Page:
'Heaven is for Real' hits the silver screen

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The captivating story of heaven from the eyes of a pint-size package— who reveals compelling details of his ethereal trip after a near-death experience—hits the big screen April 16. "Heaven is for Real," starring young newcomer Connor Corum, with Greg Kinnear and Kelly Reilly as his parents, is based on the blockbuster best-selling book by the same name.

The book, released in 2010, spent 64 weeks in the No. 1 spot on The New York Time's best-seller list. Published by Thomas Nelson, the non-fiction work was co-written by San Diego author Lynn Vincent and Nebraska pastor Todd Burpo, whose 4-year-old son experienced a taste of heaven after he nearly died during surgery to remove his burst appendix. Three and a half years after the book's release, it remains on the Times best-seller list, having sold 10.5 million copies in 25 languages.

For the film adaptation, "Heaven is for Real" widens its scope, incorporating Todd's struggles in deciding to go public with Colton's story. His son's story not only impacts the Burpos, but also their small town, which was inundated with media in light of the revelations about the child's experience. While immensely moving and comforting for some fans, the book has its critics and skeptics.

In a 2011 commentary in The Washington Post, atheist writer Susan Jacoby ridiculed the book, its authors and those who read it.

"What is truly disturbing about this book's huge commercial success is that it attests to the prevalence of unreason among vast numbers of Americans," she wrote, later adding, "At age 4, the inability to distinguish between fantasy and reality is charming. Among American adults, widespread identification with the mind of a preschooler is scary."

In interviews across the country, Burpo has admitted he and his wife, Sonja, were initially skeptical of their son's tales, which emerged shortly after his life-threatening illness. Valiant work on behalf of the doctors and nurses saved Colton and he returned home to heal.

Over time, though, Colton began to tell stories of things he experienced from heaven, providing details of people and events the young boy was never told about: He watched his dad wrestling with God in the hospital chapel while his mother prayed in the waiting room. While on his heavenly excursion, Colton meets Pops, his paternal grandfather who died decades before Colton's birth. He also describes meeting an older sister who tells her brother she died in their mom's tummy.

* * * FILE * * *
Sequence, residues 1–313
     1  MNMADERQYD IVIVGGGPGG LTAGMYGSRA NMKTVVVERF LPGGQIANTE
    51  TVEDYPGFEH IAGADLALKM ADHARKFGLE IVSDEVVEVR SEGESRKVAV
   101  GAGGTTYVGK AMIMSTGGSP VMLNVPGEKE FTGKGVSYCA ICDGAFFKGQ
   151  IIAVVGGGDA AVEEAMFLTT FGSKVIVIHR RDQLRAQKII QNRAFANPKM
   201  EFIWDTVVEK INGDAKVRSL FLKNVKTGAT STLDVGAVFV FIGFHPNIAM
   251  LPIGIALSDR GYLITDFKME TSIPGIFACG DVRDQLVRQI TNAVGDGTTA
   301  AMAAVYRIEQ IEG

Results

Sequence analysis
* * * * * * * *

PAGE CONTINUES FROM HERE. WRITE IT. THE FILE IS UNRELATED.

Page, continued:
Colton's revelations, including an uncanny exchange involving Pops, force his parents to grapple with the realization that they were dealing with far more than creative imagination and happenstance.

"What do you do when your 4-year-old son looks at you and says, 'I went to Heaven and this is what it's like,' ... and you're a pastor? That, for me, is the stuff of drama," said Director Randall Wallace, who co-wrote the screenplay with Christopher Parker.

"Todd grounds the story in day-to-day reality, the way it really unfolded," Wallace said. "Colton doesn't just blurt it all out. It comes out in little bits and pieces in the course of everyday life."


Personal inspiration
Although the foundation of the book is based on Colton's heavenly experiences, director Wallace said the movie transcends that storyline.

"Whatever your feelings on the afterlife—even in your current life, right here, right now there is this beauty all around you that's been nicely captured for this film through the eyes of a little boy. If you don't have any personal inspiration, 'Heaven is for Real' will give you some."

Committed to maintaining the integrity of Colton's story, Burpo signed on with the Sony Pictures Entertainment project after receiving assurances from producers Joe Roth and Pastor T.D. Jakes they would protect the story.

Roth's credits include "Anger Management," "Alice in Wonderland," "Oz the Great and Powerful" and "Snow White and The Huntsman," while Jakes has produced such titles as "Woman, Thou Art Loosed," "Sparkle," "Jumping the Broom," and "Black Nativity."

"A lot of things in this story appealed to me, and one was Todd's conflict," Roth said. "Should he stir up the townspeople with his son's story or put it aside? And he did the unsafe thing. He backed his son's vision, though it could cost him his job and made him quite unpopular in town."


Celebrating intangibles
Jakes, also a best-selling author, said he was drawn to the project because of its intangible qualities.

"The great gift of 'Heaven is for Real' is the possibility of the impossible, the touchability of the abstract—so powerful that we feel as if we are one with something we just can't touch," Jakes said. "That's what faith is."

At the same time, Jakes said, the story also reveals the complexity of faith.

"The faith in this film is far from simplistic," the Dallas pastor said. "It's no quick solution, nothing magical. It's a struggling, stumbling, groping, grasping faith, reaching through dark fear and confusion to solidify the abstractions of life. And it's appropriate that a little child teaches adults how to believe again, how to trust again."

Filmed in Winnipeg, Canada, "Heaven is for Real" opens in time for Easter weekend. It also stars Margo Martindale and Thomas Haden Church. Learn more at www.heavenisforrealmovie.com